India Today


As the Uddhav Sena gets a lion’s share in the MVA seat- sharing deal, discontent brews within Congress ranks over the leadership conceding three key seats

- By Dhaval S. Kulkarni

At a time when Opposition unity and amicable seat- sharing should come as welcome news, any heartburn it causes has to remain suppressed in pursuit of the greater common good. So it is with the Maharashtr­a Congress, where several have been left unhappy with the party’s decision to concede the Sangli and Mumbai South Central seats to the Maha Vikas Aghadi ( MVA) partner Shiv Sena ( Uddhav Balasaheb Thackeray) and Bhiwandi to the Nationalis­t Congress Party ( Sharadchan­dra Pawar). The MVA sealed its seat- sharing deal for the Lok Sabha election on April 9, with the Sena ( UBT) bagging 21 seats, the Congress 17 and the NCP ( SP) 10.

Sena ( UBT), in fact, had already announced the candidatur­e of wrestler Chandrahar Patil from Sangli and former Rajya Sabha MP Anil Desai from Mumbai South Central. This, even as Vishal Patil, grandson of former chief minister Vasantdada Patil, was the Congress probable from Sangli, and Mumbai Congress president and former minister Varsha Gaikwad was in contention from South Central. Meanwhile, the NCP ( SP) has decided to field Suresh ‘ Balyamama’ Mhatre from Bhiwandi, ignoring the claims of the Congress, which had won the seat in 2009. All three seats have a strong Congress presence, and its leaders are upset that the Sena unilateral­ly declared its nominees before the seat- sharing deal was inked.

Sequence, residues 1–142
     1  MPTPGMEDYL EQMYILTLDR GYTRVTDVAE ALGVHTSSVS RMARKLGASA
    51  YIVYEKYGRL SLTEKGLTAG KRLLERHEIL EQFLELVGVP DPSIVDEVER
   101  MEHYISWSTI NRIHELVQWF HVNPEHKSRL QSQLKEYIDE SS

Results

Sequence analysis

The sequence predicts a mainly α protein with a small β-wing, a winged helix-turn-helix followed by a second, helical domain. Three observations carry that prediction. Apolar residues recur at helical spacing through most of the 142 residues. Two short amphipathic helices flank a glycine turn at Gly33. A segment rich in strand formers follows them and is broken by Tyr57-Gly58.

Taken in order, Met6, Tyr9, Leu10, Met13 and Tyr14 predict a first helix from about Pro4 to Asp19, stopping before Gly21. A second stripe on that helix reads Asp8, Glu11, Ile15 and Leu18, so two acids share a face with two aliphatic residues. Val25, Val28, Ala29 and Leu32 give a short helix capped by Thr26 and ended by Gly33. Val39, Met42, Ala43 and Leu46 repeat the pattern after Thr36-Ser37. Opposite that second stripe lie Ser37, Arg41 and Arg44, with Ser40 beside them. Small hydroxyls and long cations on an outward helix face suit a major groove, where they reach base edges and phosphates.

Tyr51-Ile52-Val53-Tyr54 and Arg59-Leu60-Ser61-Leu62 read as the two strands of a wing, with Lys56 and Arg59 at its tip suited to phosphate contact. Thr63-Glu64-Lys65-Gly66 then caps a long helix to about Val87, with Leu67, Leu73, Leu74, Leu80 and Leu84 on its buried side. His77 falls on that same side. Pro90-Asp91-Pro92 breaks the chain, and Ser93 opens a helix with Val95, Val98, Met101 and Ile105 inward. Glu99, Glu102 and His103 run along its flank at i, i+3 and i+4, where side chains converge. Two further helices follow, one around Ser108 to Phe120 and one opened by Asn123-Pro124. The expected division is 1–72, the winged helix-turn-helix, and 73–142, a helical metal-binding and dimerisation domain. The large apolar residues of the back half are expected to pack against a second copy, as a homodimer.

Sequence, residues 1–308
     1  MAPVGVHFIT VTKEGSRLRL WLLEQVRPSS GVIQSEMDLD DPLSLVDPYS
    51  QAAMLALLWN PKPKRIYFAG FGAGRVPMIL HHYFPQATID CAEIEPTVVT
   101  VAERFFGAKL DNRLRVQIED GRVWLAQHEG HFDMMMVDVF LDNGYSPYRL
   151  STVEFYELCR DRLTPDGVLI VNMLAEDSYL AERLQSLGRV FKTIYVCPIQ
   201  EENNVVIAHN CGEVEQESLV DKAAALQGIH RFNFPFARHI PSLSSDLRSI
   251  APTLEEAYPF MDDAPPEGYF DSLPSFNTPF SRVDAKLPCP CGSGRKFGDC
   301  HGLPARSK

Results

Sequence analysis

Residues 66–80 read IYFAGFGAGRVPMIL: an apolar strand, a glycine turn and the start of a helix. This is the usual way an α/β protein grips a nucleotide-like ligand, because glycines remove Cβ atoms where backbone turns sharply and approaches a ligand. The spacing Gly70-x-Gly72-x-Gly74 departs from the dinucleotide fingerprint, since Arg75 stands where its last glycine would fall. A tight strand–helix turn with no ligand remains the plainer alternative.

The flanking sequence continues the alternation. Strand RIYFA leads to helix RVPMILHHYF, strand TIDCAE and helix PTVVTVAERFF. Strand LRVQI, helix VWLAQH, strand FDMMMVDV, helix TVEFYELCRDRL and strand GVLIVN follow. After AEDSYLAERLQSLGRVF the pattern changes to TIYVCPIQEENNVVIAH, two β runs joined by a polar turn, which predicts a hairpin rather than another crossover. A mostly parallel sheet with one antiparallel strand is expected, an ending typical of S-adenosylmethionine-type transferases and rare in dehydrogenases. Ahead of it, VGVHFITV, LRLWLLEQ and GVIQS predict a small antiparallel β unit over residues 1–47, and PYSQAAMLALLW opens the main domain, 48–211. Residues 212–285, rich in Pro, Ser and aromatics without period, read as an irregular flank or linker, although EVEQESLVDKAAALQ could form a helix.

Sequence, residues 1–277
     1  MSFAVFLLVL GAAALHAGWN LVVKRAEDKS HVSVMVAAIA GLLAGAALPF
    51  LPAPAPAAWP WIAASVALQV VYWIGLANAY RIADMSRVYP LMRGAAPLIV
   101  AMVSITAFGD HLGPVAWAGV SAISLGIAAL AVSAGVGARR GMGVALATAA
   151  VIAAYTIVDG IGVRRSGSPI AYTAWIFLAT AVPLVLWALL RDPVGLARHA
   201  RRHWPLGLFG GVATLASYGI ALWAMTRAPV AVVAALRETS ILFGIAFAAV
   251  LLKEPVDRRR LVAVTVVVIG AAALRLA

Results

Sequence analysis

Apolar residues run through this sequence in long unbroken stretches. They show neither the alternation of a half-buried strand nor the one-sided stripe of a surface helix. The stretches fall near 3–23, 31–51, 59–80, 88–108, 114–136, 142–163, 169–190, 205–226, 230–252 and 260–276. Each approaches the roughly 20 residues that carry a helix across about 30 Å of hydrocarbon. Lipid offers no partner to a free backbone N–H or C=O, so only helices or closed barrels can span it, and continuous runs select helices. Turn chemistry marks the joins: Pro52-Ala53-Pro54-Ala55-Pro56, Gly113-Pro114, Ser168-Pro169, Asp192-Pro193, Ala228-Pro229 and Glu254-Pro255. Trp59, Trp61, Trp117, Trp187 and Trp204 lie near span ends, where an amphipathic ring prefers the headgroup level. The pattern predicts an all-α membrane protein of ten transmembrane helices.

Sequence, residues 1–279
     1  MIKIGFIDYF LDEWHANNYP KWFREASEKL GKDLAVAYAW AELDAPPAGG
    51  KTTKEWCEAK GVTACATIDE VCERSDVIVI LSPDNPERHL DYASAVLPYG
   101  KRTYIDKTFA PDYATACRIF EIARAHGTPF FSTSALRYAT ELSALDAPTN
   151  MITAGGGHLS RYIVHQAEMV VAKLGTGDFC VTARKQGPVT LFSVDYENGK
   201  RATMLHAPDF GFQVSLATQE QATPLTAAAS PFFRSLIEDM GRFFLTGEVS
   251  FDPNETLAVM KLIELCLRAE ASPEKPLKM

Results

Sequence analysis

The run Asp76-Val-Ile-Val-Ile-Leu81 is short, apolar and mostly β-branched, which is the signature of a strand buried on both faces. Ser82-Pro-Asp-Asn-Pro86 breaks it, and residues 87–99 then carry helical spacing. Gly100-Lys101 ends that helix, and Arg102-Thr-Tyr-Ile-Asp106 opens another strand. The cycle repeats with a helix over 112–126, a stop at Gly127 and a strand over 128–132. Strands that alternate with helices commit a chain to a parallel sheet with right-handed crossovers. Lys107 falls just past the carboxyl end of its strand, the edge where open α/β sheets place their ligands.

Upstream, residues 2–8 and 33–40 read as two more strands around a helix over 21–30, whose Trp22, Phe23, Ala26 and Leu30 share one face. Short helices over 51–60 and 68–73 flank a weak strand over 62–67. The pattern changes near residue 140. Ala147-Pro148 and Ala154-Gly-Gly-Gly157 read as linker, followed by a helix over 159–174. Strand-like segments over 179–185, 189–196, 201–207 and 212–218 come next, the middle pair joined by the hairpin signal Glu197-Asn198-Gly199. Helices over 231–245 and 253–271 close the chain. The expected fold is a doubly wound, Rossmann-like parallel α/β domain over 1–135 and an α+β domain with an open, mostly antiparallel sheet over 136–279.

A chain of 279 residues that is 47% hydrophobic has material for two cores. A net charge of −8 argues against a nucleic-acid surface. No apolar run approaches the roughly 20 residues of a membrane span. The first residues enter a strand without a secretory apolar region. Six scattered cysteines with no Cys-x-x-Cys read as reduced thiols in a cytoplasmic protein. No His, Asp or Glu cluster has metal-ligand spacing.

A senior Congressma­n confided to india today that the party’s state leadership could not bring gravitas, planning and diplomacy to the table while negotiatin­g with its allies. “While we can still prevent a rebellion on these seats by reaching out to the slighted leaders,” he said, “there is a slim chance the MVA will win these constituen­cies.” Even as state Congress chief Nana Patole claims the party has taken a step back to fulfil the larger goal of defeating the BJP, its leaders fear that, depending on the Lok Sabha results, the Sena ( UBT) and NCP ( SP) could ditch them in the assembly election later this year.

Former MP Sanjay Nirupam, who was expelled from the Congress for “anti- party activities”, described the MVA seat- sharing as a “disaster” as the three allies were trying to wrest the maximum number of seats from each other. A Sena ( UBT) leader admitted that the party may have overplayed its hand by insisting on Sangli, where the BJP has fielded two- time MP Sanjaykaka Patil.

Journalist and political analyst Abhay Deshpande says the rumblings within the MVA are expected as it was a post- poll alliance with no basis for seat- sharing. “In an alliance, expediency often takes precedence over political equations,” he says. “The Uddhav Sena and NCP ( SP) are trying to exploit the Congress’s need to keep I. N. D. I. A. together in Maharashtr­a.” Will this “togetherne­ss” come at a cost?

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 ?? ?? WAIT AND WATCH ( L- R) Maharashtr­a Congress chief Nana Patole with MVA partners Uddhav Thackeray and Sharad Pawar in Mumbai, Apr. 9
WAIT AND WATCH ( L- R) Maharashtr­a Congress chief Nana Patole with MVA partners Uddhav Thackeray and Sharad Pawar in Mumbai, Apr. 9

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